The Medicare agency has proposed revised coverage determinations for artificial hearts and LVADs that CMS says better align with advancements in heart failure device technology, evolving patient indications, and professional guidelines. Here, two industry stakeholders comment on the contentious points in both proposals, with a final CMS decision due in mid-November.
Heart failure (HF) is the leading cause of hospitalization among older adults, and Medicare beneficiaries with this often-progressive disease have the highest readmission rate of any health condition, according to CMS. Two important mechanical circulatory support technologies that are used in the management of end-stage HF, ventricular assist devices (VADs) and total artificial hearts (TAHs), are now being examined for possible coverage policy updates by CMS, with the goal of providing additional flexibility for patients and providers to choose the most appropriate treatment as technology has evolved.
In the case of artificial hearts, CMS proposes to eliminate the existing national coverage determination (NCD) for these devices and end coverage with evidence development (CED), permitting coverage determinations to be made by Medicare Administrative Contractors (MACs) instead.
With VADs, the agency proposes to remove current intent-to-treat criteria for bridge-to-transplant (BTT) and destination therapy (DT), and to extend evidence-based patient-selection criteria, that previously applied only to DT, to all LVAD procedures for short- and long-term mechanical support.
More than 40 industry stakeholders, including AdvaMed, physicians, medical centers, health systems, professional societies including the Society of Thoracic Surgeons (STS), American College of Cardiology, Heart Failure Society of America, American Association for Thoracic Surgery, and American Heart Association, device manufacturers including Abbott Laboratories Inc., Medtronic plc, SynCardia Systems LLC, Berlin Heart GmbH, and Carmat SA, submitted responses during the most recent public comment period that ended on September 11. Overall, respondents cited their support of the updated NCD, but there was also general disagreement with a few revisions that CMS is proposing. An initial comment period following the issuance of the national coverage analysis (NCA) ran from February 3 to March 4, 2020. The policy updates, if approved, will become effective for Medicare beneficiaries on the date of publication of the final NCD in mid-November.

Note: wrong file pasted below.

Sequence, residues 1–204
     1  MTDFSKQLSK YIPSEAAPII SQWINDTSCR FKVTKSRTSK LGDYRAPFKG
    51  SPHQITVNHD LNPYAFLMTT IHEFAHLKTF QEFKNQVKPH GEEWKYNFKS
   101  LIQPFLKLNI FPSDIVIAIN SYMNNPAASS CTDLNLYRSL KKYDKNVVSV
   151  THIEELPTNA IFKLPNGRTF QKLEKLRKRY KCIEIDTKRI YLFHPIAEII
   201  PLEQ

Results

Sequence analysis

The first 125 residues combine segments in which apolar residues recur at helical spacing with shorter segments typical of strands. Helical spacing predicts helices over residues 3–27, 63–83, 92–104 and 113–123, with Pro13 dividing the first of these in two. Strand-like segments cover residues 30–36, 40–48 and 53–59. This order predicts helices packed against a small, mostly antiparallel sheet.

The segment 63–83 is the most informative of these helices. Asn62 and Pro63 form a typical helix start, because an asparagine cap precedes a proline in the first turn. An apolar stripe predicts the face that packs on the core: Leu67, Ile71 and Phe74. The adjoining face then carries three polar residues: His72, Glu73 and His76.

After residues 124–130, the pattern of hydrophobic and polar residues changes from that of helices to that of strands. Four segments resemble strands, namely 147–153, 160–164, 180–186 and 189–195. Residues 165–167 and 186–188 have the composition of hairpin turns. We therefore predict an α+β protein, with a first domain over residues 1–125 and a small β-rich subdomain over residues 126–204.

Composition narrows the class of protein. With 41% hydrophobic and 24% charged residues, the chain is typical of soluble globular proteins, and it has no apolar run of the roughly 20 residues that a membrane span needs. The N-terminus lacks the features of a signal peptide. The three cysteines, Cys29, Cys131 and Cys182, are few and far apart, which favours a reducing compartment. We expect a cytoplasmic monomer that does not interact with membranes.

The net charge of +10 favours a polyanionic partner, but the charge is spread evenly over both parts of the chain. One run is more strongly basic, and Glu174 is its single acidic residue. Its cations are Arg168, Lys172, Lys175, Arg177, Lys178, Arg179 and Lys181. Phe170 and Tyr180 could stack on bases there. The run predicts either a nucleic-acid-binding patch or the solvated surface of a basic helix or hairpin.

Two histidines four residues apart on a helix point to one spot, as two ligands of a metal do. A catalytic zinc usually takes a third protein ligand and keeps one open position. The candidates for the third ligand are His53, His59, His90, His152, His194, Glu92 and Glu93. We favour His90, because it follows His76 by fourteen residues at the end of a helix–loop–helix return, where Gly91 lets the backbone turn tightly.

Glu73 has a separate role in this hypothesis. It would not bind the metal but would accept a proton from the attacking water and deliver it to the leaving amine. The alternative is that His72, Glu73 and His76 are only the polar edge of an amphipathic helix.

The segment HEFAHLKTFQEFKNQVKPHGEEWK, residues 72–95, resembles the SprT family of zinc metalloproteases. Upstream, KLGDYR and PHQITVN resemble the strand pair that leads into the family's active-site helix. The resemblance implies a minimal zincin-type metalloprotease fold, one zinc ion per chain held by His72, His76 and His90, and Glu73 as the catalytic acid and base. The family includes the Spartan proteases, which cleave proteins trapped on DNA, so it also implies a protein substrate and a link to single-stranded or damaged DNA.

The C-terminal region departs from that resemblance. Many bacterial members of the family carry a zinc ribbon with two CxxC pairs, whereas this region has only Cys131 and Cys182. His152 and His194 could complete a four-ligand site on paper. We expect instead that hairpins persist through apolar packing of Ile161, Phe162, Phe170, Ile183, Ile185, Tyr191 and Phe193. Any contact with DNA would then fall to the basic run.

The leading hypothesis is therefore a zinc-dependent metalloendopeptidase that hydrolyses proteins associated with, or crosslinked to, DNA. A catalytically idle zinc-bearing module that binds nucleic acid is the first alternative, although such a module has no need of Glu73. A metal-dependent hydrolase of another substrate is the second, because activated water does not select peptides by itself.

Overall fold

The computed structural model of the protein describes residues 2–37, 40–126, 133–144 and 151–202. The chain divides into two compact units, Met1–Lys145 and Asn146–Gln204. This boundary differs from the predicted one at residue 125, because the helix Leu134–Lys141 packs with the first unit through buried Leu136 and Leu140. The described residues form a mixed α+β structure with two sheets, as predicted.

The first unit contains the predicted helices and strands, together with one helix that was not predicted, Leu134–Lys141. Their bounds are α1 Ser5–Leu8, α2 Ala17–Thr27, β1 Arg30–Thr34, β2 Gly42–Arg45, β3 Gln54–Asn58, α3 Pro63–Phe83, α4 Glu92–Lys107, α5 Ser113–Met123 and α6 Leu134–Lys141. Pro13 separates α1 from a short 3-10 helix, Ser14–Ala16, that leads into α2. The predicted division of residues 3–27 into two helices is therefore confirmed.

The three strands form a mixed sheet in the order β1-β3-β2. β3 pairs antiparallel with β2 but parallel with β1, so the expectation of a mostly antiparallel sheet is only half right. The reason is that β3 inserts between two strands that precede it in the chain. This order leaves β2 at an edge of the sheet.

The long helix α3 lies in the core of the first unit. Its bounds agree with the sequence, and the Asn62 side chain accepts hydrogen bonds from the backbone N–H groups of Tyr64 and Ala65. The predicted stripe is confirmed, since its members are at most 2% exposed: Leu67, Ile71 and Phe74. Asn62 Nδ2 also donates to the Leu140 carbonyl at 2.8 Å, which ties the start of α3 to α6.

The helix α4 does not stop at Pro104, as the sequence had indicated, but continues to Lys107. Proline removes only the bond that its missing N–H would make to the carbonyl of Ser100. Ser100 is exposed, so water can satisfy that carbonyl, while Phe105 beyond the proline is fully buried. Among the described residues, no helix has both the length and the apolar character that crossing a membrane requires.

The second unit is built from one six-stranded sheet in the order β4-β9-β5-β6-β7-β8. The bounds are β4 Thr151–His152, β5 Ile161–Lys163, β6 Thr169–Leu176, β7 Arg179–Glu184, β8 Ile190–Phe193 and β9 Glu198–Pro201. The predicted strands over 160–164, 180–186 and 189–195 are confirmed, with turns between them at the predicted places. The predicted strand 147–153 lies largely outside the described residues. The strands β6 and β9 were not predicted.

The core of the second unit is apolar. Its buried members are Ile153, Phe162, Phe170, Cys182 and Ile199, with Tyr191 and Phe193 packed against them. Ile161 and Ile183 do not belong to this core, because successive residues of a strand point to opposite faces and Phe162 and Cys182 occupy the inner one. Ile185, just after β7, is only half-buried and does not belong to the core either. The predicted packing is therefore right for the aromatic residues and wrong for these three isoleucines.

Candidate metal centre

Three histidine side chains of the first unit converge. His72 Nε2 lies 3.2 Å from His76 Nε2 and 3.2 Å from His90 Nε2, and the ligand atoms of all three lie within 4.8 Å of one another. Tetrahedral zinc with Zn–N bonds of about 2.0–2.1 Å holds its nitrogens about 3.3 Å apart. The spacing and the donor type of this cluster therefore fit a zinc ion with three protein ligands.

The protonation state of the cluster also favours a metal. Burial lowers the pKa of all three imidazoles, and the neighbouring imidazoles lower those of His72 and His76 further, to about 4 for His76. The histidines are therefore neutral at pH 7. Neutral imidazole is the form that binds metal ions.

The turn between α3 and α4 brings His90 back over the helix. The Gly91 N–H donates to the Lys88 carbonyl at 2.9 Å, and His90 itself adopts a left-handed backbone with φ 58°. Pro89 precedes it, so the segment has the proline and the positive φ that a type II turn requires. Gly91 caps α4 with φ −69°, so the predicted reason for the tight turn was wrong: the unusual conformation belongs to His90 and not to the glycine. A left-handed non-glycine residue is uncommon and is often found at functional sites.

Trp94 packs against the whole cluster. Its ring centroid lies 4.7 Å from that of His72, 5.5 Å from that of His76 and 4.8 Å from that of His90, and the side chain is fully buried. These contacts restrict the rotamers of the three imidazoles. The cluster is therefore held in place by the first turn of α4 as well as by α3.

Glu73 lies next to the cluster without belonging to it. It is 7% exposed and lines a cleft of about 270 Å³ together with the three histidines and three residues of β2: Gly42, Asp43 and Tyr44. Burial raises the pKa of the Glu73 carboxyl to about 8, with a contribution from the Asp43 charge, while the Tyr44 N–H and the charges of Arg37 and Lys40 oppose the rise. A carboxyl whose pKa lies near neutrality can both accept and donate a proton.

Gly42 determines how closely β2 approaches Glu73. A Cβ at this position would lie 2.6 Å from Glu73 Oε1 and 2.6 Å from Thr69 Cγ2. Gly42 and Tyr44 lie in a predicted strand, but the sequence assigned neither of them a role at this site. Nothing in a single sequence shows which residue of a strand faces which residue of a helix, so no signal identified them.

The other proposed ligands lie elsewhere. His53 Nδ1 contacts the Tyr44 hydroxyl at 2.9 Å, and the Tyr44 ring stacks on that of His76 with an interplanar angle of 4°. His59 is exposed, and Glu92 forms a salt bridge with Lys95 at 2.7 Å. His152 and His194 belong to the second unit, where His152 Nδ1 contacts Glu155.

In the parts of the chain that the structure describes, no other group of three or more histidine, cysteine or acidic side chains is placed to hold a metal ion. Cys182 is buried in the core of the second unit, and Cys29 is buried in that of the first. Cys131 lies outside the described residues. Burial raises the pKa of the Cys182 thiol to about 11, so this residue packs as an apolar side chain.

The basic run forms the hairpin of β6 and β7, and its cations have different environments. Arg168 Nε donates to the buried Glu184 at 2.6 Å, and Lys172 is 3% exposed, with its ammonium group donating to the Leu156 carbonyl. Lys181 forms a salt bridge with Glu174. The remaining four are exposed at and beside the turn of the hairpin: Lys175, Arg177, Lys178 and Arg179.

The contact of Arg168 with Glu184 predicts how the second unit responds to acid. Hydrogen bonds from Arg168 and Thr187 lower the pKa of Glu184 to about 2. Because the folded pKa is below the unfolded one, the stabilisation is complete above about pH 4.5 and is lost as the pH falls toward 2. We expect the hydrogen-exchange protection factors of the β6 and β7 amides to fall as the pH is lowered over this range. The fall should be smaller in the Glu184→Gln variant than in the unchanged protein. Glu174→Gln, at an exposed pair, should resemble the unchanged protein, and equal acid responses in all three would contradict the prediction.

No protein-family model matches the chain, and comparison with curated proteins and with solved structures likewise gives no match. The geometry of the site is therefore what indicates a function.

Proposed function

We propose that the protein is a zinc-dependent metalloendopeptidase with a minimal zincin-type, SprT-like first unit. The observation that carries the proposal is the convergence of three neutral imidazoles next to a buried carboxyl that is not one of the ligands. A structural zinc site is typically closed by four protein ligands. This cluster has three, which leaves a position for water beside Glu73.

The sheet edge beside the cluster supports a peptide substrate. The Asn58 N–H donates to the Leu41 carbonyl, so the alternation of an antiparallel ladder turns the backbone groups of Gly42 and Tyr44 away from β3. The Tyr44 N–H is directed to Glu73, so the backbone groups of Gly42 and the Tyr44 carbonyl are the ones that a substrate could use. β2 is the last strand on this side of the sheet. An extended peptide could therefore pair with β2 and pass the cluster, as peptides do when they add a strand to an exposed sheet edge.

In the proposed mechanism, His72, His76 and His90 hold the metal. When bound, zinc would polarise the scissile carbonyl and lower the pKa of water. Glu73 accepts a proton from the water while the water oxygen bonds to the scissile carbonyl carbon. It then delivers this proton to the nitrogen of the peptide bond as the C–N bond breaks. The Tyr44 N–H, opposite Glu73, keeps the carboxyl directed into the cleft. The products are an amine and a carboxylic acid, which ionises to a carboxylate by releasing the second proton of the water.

Market Pathways spoke with two key participants in these important NCDs: Chandra Branham, Vice President of Payment and Healthcare Delivery Policy at AdvaMed who authored comment letters in March and September to CMS regarding these two NCDs; and Francis Pagani, MD, PhD, chair of the STS Interagency Registry for Mechanically Assisted Circulatory Support (INTERMACS) Database Task Force, a group of surgeons and cardiologists within STS that oversees the INTERMACS patient registry. Dr. Pagani, whose research is cited throughout the proposed NCD, is the Otto Gago MD Endowed Professor of Cardiac Surgery at Michigan Medicine at the University of Michigan, and head of the internationally recognized Michigan Medicine VAD Program.